Survey Response: Wendy Newman, LCSW
This survey was last updated in April 2018.
LCSW State of NJ
103 Park St., Building B
Montclair, NJ 07042
Number of years in practice helping people with TMS: 6
Number of clients you have seen who have had TMS: Dozens
What is your association to the TMS community? As a psychotherapist in private practice, I regularly see clients who are believed to have TMS. I received my training from Dr. Arlene Feinblatt.
Have you ever suffered from TMS? If so, how did you recover? (optional)
Yes, it was only after anything medical was repeatedly ruled out that I was able to consider a mind/body connection. Working with a psychotherapist helped me heal and paved the way for my professional journey in working with TMS.
What insurance plans do you currently accept? Out of network only
Do you have a sliding scale of payment for people who are not covered by insurance? Yes, I do have a limited number of spots available.
Are you able to conduct sessions over the phone and/or via internet video services (i.e. Skype or FaceTime)? Skype sessions available to New Jersey residents only.
What have you done to educate yourself about TMS, and what plans do you have for further education about TMS?
Besides formal training and supervision with Dr. Arlene Feinblatt, I attended the 2012 PPD conference in NYC as well as two Master Classes with Drs. Anderson and Sherman. I am an active member of the TMSwiki professional listserv and read relevant books and scientific publications supporting the Mind/Body approach to symptom relief.
What mindbody books do you recommend to your patients? In particular do you recommend Dr. Sarno's books?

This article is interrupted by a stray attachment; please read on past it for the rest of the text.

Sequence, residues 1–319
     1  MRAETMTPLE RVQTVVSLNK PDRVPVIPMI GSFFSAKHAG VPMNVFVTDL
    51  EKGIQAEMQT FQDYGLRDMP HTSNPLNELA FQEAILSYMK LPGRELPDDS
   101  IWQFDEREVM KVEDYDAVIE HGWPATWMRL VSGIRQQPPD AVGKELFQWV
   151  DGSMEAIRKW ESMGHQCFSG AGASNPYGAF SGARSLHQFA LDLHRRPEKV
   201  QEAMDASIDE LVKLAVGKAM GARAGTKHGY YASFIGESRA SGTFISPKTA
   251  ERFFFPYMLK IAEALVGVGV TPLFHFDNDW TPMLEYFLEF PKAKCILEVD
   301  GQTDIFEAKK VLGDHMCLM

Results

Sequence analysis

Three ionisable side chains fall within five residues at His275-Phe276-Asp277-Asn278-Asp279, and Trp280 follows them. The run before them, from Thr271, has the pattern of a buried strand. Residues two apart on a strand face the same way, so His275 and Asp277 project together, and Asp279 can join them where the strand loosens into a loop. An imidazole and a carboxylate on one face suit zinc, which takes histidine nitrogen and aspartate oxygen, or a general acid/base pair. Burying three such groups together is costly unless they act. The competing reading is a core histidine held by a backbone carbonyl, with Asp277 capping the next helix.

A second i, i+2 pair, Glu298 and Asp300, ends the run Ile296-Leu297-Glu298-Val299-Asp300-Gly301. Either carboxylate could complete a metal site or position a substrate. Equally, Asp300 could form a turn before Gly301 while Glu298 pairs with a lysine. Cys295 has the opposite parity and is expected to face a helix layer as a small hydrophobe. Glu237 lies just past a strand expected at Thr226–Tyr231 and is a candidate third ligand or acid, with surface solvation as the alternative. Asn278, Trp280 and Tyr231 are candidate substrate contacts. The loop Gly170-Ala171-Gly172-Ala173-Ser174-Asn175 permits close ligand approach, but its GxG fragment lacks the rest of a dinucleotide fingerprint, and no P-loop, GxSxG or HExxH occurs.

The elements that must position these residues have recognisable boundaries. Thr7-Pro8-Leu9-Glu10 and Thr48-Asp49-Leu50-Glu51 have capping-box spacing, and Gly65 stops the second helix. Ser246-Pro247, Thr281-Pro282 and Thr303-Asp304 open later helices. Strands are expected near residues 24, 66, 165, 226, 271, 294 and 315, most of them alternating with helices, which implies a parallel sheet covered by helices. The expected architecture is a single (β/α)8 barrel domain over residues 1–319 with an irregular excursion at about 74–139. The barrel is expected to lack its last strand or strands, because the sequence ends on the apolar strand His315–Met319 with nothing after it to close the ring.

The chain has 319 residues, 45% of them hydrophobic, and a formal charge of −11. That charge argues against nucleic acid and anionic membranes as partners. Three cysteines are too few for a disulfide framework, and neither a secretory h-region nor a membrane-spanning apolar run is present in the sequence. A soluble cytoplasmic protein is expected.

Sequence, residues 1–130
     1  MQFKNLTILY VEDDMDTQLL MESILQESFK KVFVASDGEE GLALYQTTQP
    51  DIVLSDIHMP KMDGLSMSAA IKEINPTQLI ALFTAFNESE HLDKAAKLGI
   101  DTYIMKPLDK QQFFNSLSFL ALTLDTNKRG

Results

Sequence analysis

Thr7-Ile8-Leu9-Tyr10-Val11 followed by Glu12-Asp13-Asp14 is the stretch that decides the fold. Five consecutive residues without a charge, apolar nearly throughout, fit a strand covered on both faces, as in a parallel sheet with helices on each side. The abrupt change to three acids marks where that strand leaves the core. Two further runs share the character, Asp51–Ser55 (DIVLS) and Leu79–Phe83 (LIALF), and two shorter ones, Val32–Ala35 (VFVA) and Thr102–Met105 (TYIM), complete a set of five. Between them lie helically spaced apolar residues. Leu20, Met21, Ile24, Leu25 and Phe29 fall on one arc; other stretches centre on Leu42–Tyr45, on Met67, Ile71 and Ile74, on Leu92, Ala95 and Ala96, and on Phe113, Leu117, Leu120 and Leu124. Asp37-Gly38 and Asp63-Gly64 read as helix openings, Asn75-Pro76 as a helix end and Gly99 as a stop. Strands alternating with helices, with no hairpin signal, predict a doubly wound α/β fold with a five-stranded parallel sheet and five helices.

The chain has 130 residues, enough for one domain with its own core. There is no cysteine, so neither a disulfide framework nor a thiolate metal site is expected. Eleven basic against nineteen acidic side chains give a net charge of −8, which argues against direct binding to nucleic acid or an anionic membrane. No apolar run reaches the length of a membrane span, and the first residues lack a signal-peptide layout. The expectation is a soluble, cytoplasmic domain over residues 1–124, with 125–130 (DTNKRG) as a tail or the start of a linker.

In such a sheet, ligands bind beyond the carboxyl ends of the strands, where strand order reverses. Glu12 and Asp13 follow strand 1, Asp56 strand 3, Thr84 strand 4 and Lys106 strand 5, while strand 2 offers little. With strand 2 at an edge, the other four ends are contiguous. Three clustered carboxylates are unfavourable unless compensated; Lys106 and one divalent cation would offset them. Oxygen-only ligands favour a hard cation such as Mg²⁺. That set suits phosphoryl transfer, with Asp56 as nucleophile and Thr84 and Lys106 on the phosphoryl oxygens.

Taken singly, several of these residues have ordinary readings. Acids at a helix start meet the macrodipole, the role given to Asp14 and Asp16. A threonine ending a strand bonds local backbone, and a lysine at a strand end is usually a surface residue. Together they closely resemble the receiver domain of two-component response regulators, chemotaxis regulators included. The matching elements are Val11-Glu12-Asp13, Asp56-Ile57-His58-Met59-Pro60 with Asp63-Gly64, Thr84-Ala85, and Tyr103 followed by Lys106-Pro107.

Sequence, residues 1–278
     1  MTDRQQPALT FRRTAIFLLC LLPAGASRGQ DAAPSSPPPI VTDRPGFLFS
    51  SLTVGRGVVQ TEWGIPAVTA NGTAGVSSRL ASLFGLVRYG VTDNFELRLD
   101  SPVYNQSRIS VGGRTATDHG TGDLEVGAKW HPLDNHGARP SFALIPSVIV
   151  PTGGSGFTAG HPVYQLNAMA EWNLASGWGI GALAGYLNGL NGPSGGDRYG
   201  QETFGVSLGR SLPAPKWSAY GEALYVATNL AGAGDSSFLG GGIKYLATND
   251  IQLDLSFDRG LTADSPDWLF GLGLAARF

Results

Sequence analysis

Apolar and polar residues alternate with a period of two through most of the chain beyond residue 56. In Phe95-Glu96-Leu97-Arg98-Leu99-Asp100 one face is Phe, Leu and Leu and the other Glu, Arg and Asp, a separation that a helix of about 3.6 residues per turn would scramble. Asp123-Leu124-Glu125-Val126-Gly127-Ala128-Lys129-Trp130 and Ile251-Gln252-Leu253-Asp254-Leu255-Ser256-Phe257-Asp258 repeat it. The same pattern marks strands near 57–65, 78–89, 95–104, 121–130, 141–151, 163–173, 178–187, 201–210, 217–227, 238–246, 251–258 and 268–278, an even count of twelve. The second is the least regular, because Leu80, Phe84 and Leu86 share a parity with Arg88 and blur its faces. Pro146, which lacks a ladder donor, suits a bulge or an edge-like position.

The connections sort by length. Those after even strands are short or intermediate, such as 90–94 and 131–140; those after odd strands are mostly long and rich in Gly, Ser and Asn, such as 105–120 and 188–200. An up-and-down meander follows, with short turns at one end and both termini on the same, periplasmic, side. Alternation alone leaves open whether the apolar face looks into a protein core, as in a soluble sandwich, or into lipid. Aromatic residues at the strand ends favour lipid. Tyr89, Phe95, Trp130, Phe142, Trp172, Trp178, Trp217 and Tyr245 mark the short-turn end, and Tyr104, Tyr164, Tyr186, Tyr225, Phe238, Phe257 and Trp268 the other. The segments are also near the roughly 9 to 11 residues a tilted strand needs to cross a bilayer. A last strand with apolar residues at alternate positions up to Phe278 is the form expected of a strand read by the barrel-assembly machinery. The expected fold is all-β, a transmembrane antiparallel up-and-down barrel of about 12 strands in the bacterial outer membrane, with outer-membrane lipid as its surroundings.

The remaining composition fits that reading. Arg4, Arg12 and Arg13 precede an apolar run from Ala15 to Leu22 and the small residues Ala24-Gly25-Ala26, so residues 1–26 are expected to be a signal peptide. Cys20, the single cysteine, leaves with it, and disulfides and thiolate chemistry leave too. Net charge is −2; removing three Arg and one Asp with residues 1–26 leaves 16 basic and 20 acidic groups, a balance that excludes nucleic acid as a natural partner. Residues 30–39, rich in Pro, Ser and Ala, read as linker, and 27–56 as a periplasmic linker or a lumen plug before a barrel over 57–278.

I recommend all of Dr. Sarno’s books in addition to books written by Dr. Howard Schubiner, Dr. David Hanscom, Dr. David Schechter, and Steven Ozanich.
As we are going to post your answers on the TMS Wiki, feel free to write some text to introduce yourself.
Having treated clients with eating disorders for over 20 years, helping people heal from TMS/PPD was a natural progression. Both eating disorders and somatic pain syndromes are symptoms that manifest from underlying emotional turmoil and conflict. After witnessing a family member’s dramatic recovery from debilitating TMS and recognizing my own TMS symptoms, I began to spread the word about Dr. Sarno’s groundbreaking work and sought training to treat clients whose healing would come about through psychotherapy. With warmth and compassion, I utilize techniques drawn from short-term dynamic, psychoanalytic and mindfulness-based approaches in order to help my clients make sense of their symptoms and discover more adaptive ways to express their authentic selves. I am also trained in EMDR and Somatic Experiencing, both are body based modalities that can be exceedingly useful in helping clients heal from developmental trauma or adverse childhood events that can lead to TMS.
Questions Specific to Therapists
What is your general psychotherapeutic treatment approach?
Psychoanalytically-informed psychotherapy combined with mind/body techniques such as EMDR and Somatic Experiencing.
How does your approach to treating TMS differ from your general psychotherapeutic treatment approach?
I make it very clear from the start that I “get” TMS in a way that gives clients hope for recovery. My office is a place for clients to talk about their physical pain and where we become curious together. By exploring how and when symptoms change in intensity, where they move, under what circumstances, etc, clients can begin to hone their awareness of how and why their symptoms may be manifesting the way they are. We look for triggers and search for inner conflict that often keeps people “stuck” in their symptom. My goal is to help clients increase their ability to experience and tolerate emotional states that may be out of their conscious awareness.
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